Binance admitted that it keeps collateral for its BNB Smart Chain and BNB Beacon Chain versions of 94 crypto assets in the same wallet as client funds amid uncertainty around its recent audit.
According to a recent list of websites, the asset balance of Binance’s “Binance 8” wallet exceeds the number of digital assets it has issued on BNB Smart Chain and BNB Beacon Chain, which means that part of the balance of the assets probably belongs to the customers.
Binance Mixes $1.3 Billion in Client Assets with B-Tokens
Binance issues B-Tokens of several crypto assets such as Bitcoin, Ether, USDC and Tether, for use on other blockchains. According to Bloomberg, the exchange must keep reserves of the original tokens represented by their B-Token equivalents in separate client wallets.
The exchange acknowledged the fund mix and said it would move the B-Tokens to a portfolio of collateral assets. The Binance 8 Wallet has approximately $1.3 billion in client assets. Until the funds are segregated, clients cannot be sure that Binance will honor 1:1 redemption requests.
The reputation of the exchange has come under scrutiny after reports surfaced that Binance moved nearly $350 million for Russian exchange Bitzlato. This latest association with money laundering has fueled speculation that Binance’s measures to combat it have been exaggerated.
The Crypto Industry Is Learning the Importance of Accountability the Hard Way
The discovery of the Binance error highlights the importance of customer due diligence when choosing a centralized exchange.
Former FTX CEO Sam Bankman-Fried is accused of commingling FTX client funds with Alameda Research to bolster the hedge fund’s creditworthiness. FTX clients deposited funds to FTX through Alameda’s account with Silvergate. The Silvergate Exchange Network connects crypto investors’ bank accounts with exchanges.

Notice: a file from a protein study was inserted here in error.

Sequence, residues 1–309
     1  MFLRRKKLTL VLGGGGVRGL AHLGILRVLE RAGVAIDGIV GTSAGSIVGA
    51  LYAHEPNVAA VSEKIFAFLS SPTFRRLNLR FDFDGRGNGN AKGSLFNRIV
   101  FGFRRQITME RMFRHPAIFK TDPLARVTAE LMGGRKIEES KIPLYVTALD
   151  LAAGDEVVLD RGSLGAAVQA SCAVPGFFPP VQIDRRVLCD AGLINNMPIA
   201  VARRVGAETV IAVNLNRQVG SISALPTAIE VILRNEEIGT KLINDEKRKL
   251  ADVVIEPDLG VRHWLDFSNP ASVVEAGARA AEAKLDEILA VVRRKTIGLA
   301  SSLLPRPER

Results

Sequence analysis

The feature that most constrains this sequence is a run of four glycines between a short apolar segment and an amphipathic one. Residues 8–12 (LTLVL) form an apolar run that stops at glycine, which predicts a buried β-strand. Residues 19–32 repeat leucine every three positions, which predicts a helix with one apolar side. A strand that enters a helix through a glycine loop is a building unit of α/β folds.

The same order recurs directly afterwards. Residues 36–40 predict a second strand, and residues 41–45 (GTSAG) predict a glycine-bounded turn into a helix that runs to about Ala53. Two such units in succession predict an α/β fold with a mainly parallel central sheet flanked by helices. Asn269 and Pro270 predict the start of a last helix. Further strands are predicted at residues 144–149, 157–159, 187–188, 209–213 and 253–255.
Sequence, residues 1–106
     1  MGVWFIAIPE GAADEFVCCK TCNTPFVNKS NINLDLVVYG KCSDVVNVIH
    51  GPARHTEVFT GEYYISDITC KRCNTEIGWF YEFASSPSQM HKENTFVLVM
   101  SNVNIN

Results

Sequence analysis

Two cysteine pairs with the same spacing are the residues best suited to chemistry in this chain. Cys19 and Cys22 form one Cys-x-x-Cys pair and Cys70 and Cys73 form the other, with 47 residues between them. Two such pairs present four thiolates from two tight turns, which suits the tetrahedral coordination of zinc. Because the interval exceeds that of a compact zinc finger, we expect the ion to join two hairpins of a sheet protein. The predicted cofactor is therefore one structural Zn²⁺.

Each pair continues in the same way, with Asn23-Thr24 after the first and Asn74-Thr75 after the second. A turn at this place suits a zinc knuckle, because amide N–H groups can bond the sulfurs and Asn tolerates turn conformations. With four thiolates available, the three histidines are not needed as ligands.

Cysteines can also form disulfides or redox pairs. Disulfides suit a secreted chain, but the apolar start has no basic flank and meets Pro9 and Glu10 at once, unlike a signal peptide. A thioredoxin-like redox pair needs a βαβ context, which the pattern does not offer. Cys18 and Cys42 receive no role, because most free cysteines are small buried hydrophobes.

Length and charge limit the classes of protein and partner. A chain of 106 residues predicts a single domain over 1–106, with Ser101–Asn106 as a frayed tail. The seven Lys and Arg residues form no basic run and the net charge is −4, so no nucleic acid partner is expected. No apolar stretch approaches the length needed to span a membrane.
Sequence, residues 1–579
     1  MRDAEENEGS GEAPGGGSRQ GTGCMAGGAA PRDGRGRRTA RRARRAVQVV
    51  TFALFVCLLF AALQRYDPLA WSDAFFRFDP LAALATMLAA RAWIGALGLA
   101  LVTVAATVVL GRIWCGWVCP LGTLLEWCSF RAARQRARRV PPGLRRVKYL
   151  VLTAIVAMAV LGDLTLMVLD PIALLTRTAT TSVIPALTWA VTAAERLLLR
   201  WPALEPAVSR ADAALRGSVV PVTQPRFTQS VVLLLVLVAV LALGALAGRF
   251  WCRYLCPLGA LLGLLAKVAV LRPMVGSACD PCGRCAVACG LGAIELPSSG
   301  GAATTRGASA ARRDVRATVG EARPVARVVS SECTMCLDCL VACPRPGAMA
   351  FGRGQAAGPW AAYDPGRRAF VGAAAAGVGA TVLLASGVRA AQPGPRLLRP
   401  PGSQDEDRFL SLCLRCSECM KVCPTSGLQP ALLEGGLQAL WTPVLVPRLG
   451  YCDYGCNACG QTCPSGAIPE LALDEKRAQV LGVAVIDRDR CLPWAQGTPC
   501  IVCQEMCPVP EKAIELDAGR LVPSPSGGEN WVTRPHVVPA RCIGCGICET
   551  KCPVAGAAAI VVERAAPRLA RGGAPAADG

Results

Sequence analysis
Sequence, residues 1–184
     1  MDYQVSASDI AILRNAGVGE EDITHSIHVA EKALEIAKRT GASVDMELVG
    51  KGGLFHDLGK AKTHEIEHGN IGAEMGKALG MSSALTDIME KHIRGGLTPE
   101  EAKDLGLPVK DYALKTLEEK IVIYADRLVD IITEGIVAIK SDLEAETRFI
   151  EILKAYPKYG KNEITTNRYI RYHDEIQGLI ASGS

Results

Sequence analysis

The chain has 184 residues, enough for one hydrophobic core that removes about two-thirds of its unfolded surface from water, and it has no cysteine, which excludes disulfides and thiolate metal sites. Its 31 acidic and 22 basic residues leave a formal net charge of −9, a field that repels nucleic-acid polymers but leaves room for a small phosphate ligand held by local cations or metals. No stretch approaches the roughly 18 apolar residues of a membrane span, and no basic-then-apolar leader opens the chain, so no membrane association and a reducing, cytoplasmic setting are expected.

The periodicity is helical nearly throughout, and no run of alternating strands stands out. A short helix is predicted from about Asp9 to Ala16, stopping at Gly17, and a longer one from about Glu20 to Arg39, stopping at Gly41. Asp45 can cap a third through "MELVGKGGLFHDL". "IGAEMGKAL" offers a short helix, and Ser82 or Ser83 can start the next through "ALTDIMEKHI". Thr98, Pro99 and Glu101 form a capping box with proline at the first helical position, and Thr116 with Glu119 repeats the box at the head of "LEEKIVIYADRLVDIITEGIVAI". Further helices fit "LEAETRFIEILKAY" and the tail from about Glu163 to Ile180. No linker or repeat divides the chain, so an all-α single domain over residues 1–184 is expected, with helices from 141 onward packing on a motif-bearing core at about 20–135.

Binance recently released a Merkle Proof-of-Reserves report to attest to its Bitcoin collateral holdings needed to honor customer withdrawals. He had tried in vain to call on one of the big four accounting firms, Deloitte, EY, PricewaterhouseCoopers (PwC) or KPMG for his audit.
Crypto and accounting professionals, including former Kraken CEO Jesse Powell, criticized the report, which was eventually released by accounting firm Mazars, which is not a Big Four. According to experts, proof of reserves without insight into the exchange’s liabilities and internal financial controls means little.
Shortly after Binance’s “independent audit”, Mazars shut down its Proof of Reserves operations, leaving more questions about client assurance.
The limits of proof of reservations are painfully obvious, according to a PwC report
PwC recently assessed whether Proof of Reserves reports contribute significantly to client confidence.
He concluded that since the PoR reports reflect the exchange’s assets at a specific time, they provide no insight into the company’s internal processes and controls and its history of managing client assets. This information is only available through SOC 1 or ISAE 3402 Type 2 reports from reputable auditors.
SOC 1 reports ask accounting firms to attest to a company’s management’s assertions that the company has certain internal controls in place. On the other hand, ISAE 3402 Type 2 reports show how internal controls have been managed over time.
The report stresses that only audited financial statements can allay fears of impending bankruptcy. It also underscores the need for professional, industry-wide accounting standards so clients know what they’re getting into. The standards also ensure that reports from different exchanges are comparable.
To be[In]Crypto’s latest Bitcoin (BTC) analysis, click here.
BeInCrypto has reached out to a company or individual involved in the story for an official statement on recent developments, but has yet to receive a response.